How the ‘big funeral’ made later life so expensive

“You can’t die. These days because it’s so expensive, “said Randy Hinojosa. Time. last year. Hanujusa paid only 15 15,000 for the funeral of his 26-year-old wife after she died of the corona virus. Like thousands of families struggling with unexpected funeral costs, he ran out of savings and launched a crowdfunding campaign to offset some of the losses. “I didn’t want to ask anyone for money,” Hinojusa cried. “I was proud that I could do it.”

The epidemic, which has killed and numbered 690,000 Americans, has rapidly increased the importance of self-esteem and the unbearable cost of doing business in the current system. In 2019, the average cost of a funeral is 9 9,135, according to the National Funeral Directors Association. This includes sightseeing and burial, but cemetery space is not limited or large stamped items such as monuments and other grave markers. Even the last rites, developed over the decades as a cheap (and green) alternative to burial, now average $ 6,645.

These methods are not only financially destructive, they are also environmentally destructive. In addition to human remains, traditional burials contain an estimated 1.6 million tons of reinforced concrete and 800,000 gallons of formaldehyde – a chemical used in embalming and potentially carcinogenic. The cremator, meanwhile, produces 534.6 pounds of carbon dioxide, more than Afghanistan’s per capita emissions.

Victoria J. Heinmann, a professor at Creighton University School of Law in Nebraska, says these hard-working economies have contributed to the last-ditch poverty crisis in the United States. Funeral poverty existed long before the epidemic and, without significant reforms in both the funeral industry and the national and local funeral aid system, many families struggled with growing credit card debt and new personal loans amid their crushing grief. We will continue our struggle.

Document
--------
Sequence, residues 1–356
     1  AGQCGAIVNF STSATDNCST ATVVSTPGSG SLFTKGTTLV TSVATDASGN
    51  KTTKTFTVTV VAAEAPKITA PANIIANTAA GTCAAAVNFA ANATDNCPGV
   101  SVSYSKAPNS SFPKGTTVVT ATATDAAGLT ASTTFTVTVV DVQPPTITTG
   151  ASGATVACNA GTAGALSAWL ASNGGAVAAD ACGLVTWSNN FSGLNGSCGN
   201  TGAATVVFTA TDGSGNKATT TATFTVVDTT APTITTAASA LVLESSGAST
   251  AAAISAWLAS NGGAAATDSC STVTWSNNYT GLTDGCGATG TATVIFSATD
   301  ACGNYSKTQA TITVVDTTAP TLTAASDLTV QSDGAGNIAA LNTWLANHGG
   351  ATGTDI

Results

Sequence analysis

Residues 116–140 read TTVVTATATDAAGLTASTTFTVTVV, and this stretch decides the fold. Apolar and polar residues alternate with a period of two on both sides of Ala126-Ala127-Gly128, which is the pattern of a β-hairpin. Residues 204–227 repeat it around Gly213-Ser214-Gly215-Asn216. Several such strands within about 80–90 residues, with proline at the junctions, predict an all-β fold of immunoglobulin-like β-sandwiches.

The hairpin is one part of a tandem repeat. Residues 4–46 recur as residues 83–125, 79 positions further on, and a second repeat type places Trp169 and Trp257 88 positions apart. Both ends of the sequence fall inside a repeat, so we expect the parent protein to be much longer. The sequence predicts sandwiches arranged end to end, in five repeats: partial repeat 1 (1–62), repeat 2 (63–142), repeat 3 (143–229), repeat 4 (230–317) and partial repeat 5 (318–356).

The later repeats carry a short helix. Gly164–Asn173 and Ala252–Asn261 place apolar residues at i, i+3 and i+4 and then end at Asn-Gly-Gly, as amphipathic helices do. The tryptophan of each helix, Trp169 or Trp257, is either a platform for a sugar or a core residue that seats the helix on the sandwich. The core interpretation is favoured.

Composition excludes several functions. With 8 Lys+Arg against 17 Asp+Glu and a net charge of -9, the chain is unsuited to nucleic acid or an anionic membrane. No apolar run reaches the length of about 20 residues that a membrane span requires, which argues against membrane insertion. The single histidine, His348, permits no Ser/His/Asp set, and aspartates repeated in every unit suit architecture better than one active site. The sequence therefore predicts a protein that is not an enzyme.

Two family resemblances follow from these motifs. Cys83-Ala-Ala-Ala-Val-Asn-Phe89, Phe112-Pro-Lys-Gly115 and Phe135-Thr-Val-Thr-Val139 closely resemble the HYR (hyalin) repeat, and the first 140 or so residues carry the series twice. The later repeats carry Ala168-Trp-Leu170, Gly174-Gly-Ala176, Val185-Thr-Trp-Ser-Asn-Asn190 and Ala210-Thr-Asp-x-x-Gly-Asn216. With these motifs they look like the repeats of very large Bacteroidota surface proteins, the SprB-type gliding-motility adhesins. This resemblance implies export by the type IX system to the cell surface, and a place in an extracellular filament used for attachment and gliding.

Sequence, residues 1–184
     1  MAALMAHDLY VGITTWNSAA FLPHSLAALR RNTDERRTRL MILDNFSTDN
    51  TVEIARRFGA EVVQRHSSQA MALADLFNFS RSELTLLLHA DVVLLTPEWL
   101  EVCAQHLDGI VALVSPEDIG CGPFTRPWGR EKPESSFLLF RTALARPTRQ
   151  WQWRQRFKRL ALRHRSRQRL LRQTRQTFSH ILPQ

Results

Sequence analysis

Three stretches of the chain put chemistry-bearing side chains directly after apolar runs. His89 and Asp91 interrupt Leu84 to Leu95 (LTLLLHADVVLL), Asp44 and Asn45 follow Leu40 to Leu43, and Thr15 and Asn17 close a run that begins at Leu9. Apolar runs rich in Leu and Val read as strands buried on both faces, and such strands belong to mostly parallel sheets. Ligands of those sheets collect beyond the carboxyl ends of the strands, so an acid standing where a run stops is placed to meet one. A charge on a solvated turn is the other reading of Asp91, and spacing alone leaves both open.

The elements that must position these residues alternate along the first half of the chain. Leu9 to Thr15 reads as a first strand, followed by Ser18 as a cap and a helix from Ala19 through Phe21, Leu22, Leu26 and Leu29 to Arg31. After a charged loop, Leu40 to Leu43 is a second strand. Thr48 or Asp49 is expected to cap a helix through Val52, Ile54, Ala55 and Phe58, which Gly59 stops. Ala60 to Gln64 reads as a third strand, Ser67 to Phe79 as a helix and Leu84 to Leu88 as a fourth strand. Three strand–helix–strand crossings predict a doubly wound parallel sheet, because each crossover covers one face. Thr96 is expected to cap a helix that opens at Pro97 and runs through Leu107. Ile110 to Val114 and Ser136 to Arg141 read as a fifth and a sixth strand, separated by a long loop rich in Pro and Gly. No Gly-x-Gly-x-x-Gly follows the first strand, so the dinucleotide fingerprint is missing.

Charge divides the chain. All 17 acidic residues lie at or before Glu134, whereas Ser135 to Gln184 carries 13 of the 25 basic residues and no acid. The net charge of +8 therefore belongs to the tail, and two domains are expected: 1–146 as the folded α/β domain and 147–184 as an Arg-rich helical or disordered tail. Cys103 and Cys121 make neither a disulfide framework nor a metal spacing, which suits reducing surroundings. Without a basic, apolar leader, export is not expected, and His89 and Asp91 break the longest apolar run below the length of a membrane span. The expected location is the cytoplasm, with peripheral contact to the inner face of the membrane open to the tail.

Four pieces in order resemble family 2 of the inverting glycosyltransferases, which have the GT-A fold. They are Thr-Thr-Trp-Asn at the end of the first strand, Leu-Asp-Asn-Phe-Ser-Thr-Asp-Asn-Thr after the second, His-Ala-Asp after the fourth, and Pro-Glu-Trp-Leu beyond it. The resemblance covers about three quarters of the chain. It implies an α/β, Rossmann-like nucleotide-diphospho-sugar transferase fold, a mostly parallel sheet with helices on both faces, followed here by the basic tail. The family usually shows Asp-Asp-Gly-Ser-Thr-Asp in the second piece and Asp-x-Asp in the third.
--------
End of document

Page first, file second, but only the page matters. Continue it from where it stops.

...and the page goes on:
In the worst case scenario, people will be forced to leave their loved ones unaccounted for in county detention, where sheriffs, medical examiners, social workers, chaplains and other remains will be buried or buried. In the United States, 3% of bodies are left unclaimed each year, a number that has increased due to alleged economic inequality, the opioid epidemic and epidemics.

Although the United States has the resources to guarantee a proper burial for everyone, they are not evenly distributed. “We shouldn’t make معمول 9,000 the average cost of a funeral,” says Heinman. “Not only is this amazing, it’s absolutely unnecessary.”

For the most part In American history, people died at home, where their loved ones cared for them. In the community, women made bodies, while men made coffins. It began to change with the Civil War, where death occurred on remote plains. Enterprise Mortens later popularized embalming, a secure technology that allowed families to send bodies over long distances so that the dead could be buried where they lived.

Today, death is a ارب 20 billion industry. (This corresponds to the total revenue of the global music business in 2019, or the meat substitute market.) In its most corporate and nefarious forms, it is marked by largely unchecked prices, including 500 per box. Percentage markup. This is explained by decades of resistance to innovation, and even changing public attitudes toward death. In 2015, for example, a funeral party estimated that for every 1% of its customers who chose the last rites, the company lost about 10 10 million – a “problem.” They often try to solve the problem by selling unnecessary services and products to the families of the deceased. Burial for precious wrists

Where many communities were served by Little Mom and Pop’s last rites shops, shareholder-run companies have changed the look of death care. Service Corporation International is the largest funeral services provider in North America, with more than 1,500 funeral homes and 500 cemeteries in its portfolio, accounting for about 16 percent of the total market share. Instead of lowering prices, SCI prices are 47 to 72 percent higher than their competitors, according to a 2017 report in collaboration with the Funeral Consumers Alliance. The only people who don’t mind are the investors, whose stock has risen 151% in five years. Thanks to big funeral efforts, the industry has a monopoly on later life – and it keeps people from dying.

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